U.S. Inflation & Price Pressures Report: November 2023
Energy, housing and services categories of inflation continue to create headwinds for the Federal Reserve’s fight to bring inflation down. Historically indifferent to higher prices, Gen Zers are steadily becoming more price sensitive and engaging in more trading down behaviors. Affordability continues to be a concern for consumers, especially for big-ticket items like housing and autos.
- Energy, housing and core services prices continue to prop up inflation, while consumers are more likely to walk away from purchases due to high prices than they were a year ago.
- Baby boomers tend to be the most price sensitive and more likely than younger generations to trade down, but Gen Zers have recently been experiencing elevated levels of sticker shock and substitution.
- High prices for big-ticket purchases like housing and autos have dampened consumer demand as affordability continues to be an obstacle.
About the authors
Kayla Bruun is a senior economist at decision intelligence company Morning Consult, where she analyzes consumer spending, inflation and household finance trends, leveraging the company’s proprietary high-frequency data.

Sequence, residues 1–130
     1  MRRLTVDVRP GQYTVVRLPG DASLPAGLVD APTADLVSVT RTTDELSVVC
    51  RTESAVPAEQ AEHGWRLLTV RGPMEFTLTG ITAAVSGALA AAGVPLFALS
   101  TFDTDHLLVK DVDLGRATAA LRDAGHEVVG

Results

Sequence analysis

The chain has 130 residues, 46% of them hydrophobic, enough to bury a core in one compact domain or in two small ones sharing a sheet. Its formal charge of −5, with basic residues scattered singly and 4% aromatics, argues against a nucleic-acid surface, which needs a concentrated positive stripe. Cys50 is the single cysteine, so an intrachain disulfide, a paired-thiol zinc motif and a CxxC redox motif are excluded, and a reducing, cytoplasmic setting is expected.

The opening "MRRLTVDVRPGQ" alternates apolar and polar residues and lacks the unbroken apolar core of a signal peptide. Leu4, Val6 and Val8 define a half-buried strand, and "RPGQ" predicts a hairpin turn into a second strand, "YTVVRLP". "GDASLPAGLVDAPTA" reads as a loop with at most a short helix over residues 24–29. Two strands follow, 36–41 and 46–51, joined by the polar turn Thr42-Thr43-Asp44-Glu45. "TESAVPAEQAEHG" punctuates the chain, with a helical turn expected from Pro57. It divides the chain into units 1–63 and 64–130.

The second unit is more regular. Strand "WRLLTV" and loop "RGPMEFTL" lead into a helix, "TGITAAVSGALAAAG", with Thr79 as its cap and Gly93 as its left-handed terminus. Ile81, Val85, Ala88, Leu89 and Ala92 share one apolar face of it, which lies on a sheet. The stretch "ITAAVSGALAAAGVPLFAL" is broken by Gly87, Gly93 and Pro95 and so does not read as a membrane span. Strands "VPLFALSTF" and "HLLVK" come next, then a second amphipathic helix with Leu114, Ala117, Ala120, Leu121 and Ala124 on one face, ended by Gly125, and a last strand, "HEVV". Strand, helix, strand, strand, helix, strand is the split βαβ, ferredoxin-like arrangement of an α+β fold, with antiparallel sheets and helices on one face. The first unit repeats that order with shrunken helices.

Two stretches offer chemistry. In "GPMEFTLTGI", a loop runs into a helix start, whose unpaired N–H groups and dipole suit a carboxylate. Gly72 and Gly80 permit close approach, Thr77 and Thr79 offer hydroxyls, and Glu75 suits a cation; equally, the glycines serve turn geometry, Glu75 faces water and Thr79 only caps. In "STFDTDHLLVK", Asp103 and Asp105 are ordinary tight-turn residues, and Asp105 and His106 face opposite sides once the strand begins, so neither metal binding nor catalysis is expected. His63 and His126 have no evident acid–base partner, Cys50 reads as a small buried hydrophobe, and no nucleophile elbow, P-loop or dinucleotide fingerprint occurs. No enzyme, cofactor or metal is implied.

Prior to joining Morning Consult, Kayla was a key member of the corporate strategy team at telecommunications company SES, where she produced market intelligence and industry analysis of mobility markets.
Kayla also served as an economist at IHS Markit, where she covered global services industries, provided price forecasts, produced written analyses and served as a subject-matter expert on client-facing consulting projects.
Kayla earned a bachelor’s degree in economics from Emory University and an MBA with a certificate in nonmarket strategy from Georgetown University’s McDonough School of Business.
Sofia Baig is an economist at decision intelligence company Morning Consult, where she works on descriptive and predictive analysis that leverages Morning Consult’s proprietary high-frequency data. Previously, she worked for the Federal Reserve Board as a quantitative analyst, focusing on topics related to monetary policy and bank stress testing. She received a bachelor’s degree in economics from Pomona College and a master’s degree in mathematics and statistics from Georgetown University.